|Publication number||US4980688 A|
|Application number||US 03/843,598|
|Publication date||Dec 25, 1990|
|Filing date||Sep 30, 1959|
|Priority date||Sep 30, 1959|
|Publication number||03843598, 843598, US 4980688 A, US 4980688A, US-A-4980688, US4980688 A, US4980688A|
|Inventors||James J. Dozier, Jr.|
|Original Assignee||The United States Of America As Represented By The Secretary Of The Navy|
|Export Citation||BiBTeX, EndNote, RefMan|
|Patent Citations (3), Referenced by (16), Classifications (13)|
|External Links: USPTO, USPTO Assignment, Espacenet|
The invention described herein may be manufactured and used by or for the Government of the United States of America for governmental purposes without the payment of any royalties thereon or therefor.
This invention relates to a regenerator for a radar countermeasure and more particularly to a system for simulating the snorkel tube of a submerged submarine to a search radar.
At the present time in anti-submarine warfare, aircraft mounted, search radar of 3-10 cm. wavelength is the most practical apparatus for covering large ocean areas. When an object is detected on the surface of the water which reflects an appreciable radar signal, the object must be investigated, its location radioed to a control center, and depth charges or bombs may be dropped if it appears that the object may be an enemy vessel.
If an object appears on the screen of a search plane, the radar observe can only interpret the signal as a snorkelling submarine or as a decoy. In either case the expenditure of depth charges is warranted on the 50--50 basis that the submerged object is a snorkelling submarine.
It is therefore a primary object of this invention to disclose a radar countermeasure which will float on the water and reflect a substantial signal to a search radar and then vanish beneath the ocean surface.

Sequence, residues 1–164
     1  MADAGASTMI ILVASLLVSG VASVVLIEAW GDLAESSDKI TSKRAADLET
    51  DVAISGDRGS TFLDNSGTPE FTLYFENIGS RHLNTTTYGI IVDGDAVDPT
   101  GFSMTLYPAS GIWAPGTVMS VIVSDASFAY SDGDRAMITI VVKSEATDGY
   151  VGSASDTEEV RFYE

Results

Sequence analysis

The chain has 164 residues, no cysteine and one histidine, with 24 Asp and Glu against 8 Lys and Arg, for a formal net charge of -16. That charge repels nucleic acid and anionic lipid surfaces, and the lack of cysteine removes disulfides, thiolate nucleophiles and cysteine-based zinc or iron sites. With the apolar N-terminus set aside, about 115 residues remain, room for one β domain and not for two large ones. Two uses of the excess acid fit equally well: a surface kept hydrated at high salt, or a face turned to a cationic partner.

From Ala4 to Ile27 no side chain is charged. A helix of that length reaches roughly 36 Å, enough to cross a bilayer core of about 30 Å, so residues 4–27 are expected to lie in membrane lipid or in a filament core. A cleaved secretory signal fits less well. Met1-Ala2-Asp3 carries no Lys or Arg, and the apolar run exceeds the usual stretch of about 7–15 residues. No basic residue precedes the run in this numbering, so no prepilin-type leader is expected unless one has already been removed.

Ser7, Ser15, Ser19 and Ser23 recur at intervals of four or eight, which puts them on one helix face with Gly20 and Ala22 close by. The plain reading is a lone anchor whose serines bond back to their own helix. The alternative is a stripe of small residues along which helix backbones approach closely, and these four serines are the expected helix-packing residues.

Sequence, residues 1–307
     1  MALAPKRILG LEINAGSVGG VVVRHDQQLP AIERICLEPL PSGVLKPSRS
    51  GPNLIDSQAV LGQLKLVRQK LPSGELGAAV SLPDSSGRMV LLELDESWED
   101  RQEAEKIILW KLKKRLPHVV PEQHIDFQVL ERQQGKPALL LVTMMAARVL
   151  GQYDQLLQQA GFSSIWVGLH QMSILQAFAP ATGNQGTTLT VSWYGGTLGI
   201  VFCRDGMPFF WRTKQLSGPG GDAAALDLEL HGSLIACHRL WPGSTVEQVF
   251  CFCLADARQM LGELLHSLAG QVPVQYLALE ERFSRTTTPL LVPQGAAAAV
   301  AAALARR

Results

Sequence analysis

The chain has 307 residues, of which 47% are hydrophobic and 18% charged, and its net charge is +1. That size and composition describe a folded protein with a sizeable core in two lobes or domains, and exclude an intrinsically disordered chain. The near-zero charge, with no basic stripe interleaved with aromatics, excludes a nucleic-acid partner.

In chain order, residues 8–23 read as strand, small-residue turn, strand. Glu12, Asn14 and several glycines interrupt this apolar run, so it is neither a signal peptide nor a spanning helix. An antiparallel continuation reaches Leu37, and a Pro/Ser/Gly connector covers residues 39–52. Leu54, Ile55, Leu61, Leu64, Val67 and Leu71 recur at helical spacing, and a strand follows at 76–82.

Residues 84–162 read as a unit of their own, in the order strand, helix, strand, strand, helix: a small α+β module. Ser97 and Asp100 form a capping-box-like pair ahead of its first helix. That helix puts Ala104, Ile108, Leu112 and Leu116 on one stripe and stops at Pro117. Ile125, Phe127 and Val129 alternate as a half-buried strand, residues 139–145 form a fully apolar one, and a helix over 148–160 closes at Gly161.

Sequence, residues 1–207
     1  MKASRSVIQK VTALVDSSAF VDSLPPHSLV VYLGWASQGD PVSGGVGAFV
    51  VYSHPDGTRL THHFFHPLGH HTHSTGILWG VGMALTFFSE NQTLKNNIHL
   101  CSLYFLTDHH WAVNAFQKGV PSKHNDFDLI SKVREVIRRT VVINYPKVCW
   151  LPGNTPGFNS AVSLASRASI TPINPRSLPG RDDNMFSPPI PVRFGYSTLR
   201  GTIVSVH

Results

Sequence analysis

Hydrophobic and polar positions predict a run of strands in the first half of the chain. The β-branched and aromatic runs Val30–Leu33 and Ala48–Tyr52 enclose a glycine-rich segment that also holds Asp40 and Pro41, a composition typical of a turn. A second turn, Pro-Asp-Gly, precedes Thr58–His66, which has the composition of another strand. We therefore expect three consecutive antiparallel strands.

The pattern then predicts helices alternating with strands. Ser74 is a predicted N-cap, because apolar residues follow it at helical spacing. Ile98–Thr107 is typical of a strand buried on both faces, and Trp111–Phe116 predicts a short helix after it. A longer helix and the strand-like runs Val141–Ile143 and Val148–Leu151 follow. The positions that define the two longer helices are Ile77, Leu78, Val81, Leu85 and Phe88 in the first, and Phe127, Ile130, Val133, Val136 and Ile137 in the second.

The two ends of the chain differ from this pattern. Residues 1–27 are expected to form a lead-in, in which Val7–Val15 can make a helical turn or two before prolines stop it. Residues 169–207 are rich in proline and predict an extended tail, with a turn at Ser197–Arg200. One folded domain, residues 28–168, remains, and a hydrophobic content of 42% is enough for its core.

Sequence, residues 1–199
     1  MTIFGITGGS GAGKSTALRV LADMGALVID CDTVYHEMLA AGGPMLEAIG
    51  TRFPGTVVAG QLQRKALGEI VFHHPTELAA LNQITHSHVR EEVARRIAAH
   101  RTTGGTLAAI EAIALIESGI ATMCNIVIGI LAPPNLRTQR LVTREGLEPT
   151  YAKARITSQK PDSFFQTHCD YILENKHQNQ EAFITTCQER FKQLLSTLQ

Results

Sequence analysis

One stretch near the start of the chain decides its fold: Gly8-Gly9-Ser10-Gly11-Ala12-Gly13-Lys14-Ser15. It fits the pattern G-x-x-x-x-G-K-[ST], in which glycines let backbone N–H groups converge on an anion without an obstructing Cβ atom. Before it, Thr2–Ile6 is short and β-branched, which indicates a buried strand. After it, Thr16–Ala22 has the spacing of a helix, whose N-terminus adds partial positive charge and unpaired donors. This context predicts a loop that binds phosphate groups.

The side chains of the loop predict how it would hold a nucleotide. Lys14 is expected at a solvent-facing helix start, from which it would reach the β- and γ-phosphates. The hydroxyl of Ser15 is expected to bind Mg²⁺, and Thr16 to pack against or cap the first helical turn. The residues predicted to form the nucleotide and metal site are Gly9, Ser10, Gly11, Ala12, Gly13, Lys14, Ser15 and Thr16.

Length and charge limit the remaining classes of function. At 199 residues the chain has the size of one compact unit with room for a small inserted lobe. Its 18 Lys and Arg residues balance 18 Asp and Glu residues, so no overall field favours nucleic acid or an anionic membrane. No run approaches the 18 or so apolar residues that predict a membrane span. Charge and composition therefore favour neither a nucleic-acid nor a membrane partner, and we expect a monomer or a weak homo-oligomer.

It is another object of this invention to disclose an antenna and regenerator circuit for detecting a radar signal so that the countermeasure may be destroyed by an explosive charge.
It is another object of this invention to disclose a novel noise discriminator and pulse counter for radar signals.
Other objects and many of the attendant advantages of this invention will be readily appreciated as the same become better understood by reference to the following detailed description when considered in connection with the accompanying drawings wherein:
FIG. 1 is an elevation view, partly in cross-section, of the radar countermeasure;
FIG. 2 is a cross-sectional view of the antenna, regenerator, and explosive charge mounted on top of the balloon;
FIG. 3 is a block diagram of the regenerator circuit; and
FIG. 4 is a schematic diagram of the regenerator circuit.
Referring now to the drawings, there is shown in FIG. 1 a radar countermeasure 10 floating in the ocean 12 comprising an inflatable balloon 14, a collapsible corner reflector 16 mounted inside the balloon 14, a detector unit 18 mounted on top of the balloon 14, and a chemical canister 20 joined by an inflating tube 22 to the bottom of the balloon 14.
The chemical canister 20 comprises a cylinder 24 having a central vent tube 26 attached to the bottom of the canister and extending upwardly toward the balloon and containing 3 lbs. of lithium hydride 28.
In operation the countermeasure 10 is tossed overboard or ejected from the signal tube of a submarine. Sea water enters tube 26 and reacts with the lithium hydride 28 to generate a copious amount of hydrogen gas to inflate balloon 14 and thereby extend reflector 16 to its proper size. The balloon 14 then floats on the surface of the water 12 and the heavy canister 24 is supported four feet below the balloon 14 and the surface of the water 12 by inflating tube 22.
When the balloon 14 and tube 22 become filled with hydrogen gas, the excess gas is exhausted through vent tube 26. Any gas leakage through the balloon 14 or decrease in gas pressure will allow sea water to enter vent tube 26 to generate more gas to re-inflate the balloon. Thus the balloon 14 will be automatically regulated to a pressure of 4 feet of water or about 2 pounds per square inch above atmospheric pressure.